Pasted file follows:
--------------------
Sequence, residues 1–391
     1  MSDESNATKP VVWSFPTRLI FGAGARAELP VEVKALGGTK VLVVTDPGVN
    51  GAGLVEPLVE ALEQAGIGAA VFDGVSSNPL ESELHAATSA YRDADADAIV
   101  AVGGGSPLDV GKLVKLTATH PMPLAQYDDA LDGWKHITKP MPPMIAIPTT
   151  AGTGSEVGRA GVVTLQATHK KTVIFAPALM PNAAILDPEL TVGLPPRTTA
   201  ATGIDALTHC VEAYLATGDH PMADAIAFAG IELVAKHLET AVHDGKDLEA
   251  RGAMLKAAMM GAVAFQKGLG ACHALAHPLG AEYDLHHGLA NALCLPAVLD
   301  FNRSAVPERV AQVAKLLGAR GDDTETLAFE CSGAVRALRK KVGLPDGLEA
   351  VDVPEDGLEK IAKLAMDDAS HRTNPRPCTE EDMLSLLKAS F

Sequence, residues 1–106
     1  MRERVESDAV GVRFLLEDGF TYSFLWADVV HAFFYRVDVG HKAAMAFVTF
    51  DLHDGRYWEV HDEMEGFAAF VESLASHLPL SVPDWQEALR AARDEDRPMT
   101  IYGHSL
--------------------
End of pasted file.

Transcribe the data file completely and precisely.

Sequence, residues 1–391
     1  MSDESNATKP VVWSFPTRLI FGAGARAELP VEVKALGGTK VLVVTDPGVN
    51  GAGLVEPLVE ALEQAGIGAA VFDGVSSNPL ESELHAATSA YRDADADAIV
   101  AVGGGSPLDV GKLVKLTATH PMPLAQYDDA LDGWKHITKP MPPMIAIPTT
   151  AGTGSEVGRA GVVTLQATHK KTVIFAPALM PNAAILDPEL TVGLPPRTTA
   201  ATGIDALTHC VEAYLATGDH PMADAIAFAG IELVAKHLET AVHDGKDLEA
   251  RGAMLKAAMM GAVAFQKGLG ACHALAHPLG AEYDLHHGLA NALCLPAVLD
   301  FNRSAVPERV AQVAKLLGAR GDDTETLAFE CSGAVRALRK KVGLPDGLEA
   351  VDVPEDGLEK IAKLAMDDAS HRTNPRPCTE EDMLSLLKAS F

Sequence, residues 1–106
     1  MRERVESDAV GVRFLLEDGF TYSFLWADVV HAFFYRVDVG HKAAMAFVTF
    51  DLHDGRYWEV HDEMEGFAAF VESLASHLPL SVPDWQEALR AARDEDRPMT
   101  IYGHSL